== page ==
Wihla Hutson was born in 1901 in East Gary, Indiana. She was an only child. The family moved to Detroit, Michigan in 1913. Her education was in the public schools, but she had a private tutor for piano and organ. Wihla studied at the Detroit Conservatory of Music, and was a graduate of the College of the City of Detroit, now Wayne State University. When Wihla’s father died, Wihla stayed with her mother and worked in the Diocesan office of the Episcopal Church. She did not marry.
In 1929, when she was 28 years old, Wihla became the organist at All Saints Church in Pontiac, Michigan, about 25 miles from Detroit. The pastor at All Saints was the Rev. Bates Burt, Alfred Burt’s father. Wihla retained her residence in Detroit, and drove from there to Pontiac for music rehearsals and services. However, when weather was poor, and at Christmas (when there was both a Christmas Eve service and a morning prayer service), she stayed at the rectory with the Burt family. In so doing, she became like a member of the family, many of whom called her “Aunt Wihla.” She and her mother enjoyed vacations with the Burts at their summer home in Marquette, Michigan.
At his father’s invitation, Al Burt began writing the music for the Burt family Christmas cards in 1942, with Bates continuing to supply the lyrics. (From 1922 to 1941, Rev. Bates Burt had produced both the words and the music). The new collaboration ended in 1948, when Bates Burt died of a heart attack. Al used an old English rune of hospitality, “Christ in the Stranger’s Guise,” for the lyric that year. The rune was supplied by the Reverend John Burt, Al’s brother.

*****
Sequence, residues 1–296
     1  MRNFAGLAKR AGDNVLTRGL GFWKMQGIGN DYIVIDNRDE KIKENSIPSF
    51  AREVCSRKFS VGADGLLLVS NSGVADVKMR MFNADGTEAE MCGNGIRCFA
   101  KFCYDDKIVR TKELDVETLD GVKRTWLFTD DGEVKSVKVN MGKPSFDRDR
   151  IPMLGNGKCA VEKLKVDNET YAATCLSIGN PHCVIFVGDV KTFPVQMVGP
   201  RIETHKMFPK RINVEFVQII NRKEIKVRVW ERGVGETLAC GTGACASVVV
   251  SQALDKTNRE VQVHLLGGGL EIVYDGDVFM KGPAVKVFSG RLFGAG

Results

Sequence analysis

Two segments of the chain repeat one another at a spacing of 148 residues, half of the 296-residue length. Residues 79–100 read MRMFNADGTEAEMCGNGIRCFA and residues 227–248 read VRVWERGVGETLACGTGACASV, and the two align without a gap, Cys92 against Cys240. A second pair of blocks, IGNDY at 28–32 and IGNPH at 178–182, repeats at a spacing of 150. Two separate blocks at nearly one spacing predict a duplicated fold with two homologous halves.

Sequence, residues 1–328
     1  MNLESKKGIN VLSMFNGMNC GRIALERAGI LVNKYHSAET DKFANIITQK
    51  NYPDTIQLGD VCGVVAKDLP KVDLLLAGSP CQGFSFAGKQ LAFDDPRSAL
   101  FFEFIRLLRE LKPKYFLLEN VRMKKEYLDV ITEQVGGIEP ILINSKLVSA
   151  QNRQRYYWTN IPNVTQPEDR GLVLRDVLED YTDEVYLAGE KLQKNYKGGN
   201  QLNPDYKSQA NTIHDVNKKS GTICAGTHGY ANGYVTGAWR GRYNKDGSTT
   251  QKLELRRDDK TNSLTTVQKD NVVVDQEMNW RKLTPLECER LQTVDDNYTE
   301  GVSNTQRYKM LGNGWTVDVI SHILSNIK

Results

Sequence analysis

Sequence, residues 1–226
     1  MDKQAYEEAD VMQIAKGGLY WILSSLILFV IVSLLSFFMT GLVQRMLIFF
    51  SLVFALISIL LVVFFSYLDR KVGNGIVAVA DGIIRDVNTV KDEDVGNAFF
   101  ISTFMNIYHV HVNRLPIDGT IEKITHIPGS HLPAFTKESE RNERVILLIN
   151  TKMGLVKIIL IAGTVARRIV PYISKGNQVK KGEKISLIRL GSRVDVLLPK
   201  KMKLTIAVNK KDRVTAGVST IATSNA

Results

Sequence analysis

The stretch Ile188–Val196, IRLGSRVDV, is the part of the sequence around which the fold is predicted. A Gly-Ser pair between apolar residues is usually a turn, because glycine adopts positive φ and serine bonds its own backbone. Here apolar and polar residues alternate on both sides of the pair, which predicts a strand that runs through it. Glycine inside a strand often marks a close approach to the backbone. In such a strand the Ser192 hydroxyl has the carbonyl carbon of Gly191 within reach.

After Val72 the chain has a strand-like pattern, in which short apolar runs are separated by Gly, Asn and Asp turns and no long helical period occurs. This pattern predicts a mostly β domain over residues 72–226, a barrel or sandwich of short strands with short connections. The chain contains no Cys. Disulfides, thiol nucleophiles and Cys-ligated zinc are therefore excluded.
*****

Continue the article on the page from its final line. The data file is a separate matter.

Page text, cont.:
Because Al’s work as a trumpet player and arranger for some of the big bands of the day required extensive travel, Wihla arranged to mail the lyrics for each year’s card to wherever the Burts happened to be. While Al developed the new melody, Anne secured the artwork, arranged to have the cards printed, and updated the lengthy mailing list, which at one time numbered 450 cards.
In 1949, when Al’s wife Anne was expecting their first (and it turned out, only) child, she asked Wihla Hutson to write a lyric for that year’s carol that could also be a lullaby. “Sleep, Baby Mine” was the result, and marked the beginning of the Burt-Hutson collaboration that would last until Al’s death in 1954. The first eight bars of “Sleep, Baby Mine” were used in March of 1950 to announce their daughter Diane’s birth.
The 1950 carol was “This Is Christmas,” sometimes also referred to as “Bright, Bright the Holly Berries, which is the first line of the lyric.” In 1951, Wihla wrote “Some Children See Him,” one of the most beloved of the Burt carols. With the U.S. engaged in the Korean War--following so closely after the Second World War with Germany and Japan--the simple but moving lyric of this carol affirmed that children of any nationality could imagine Jesus to be like them, with the underlying message that love is more important than any claim of race or nationality. In 1995, the country of Palau issued a series of stamps (which compose the background to the page) commemorating “Some Children See Him” and its message of tolerance.
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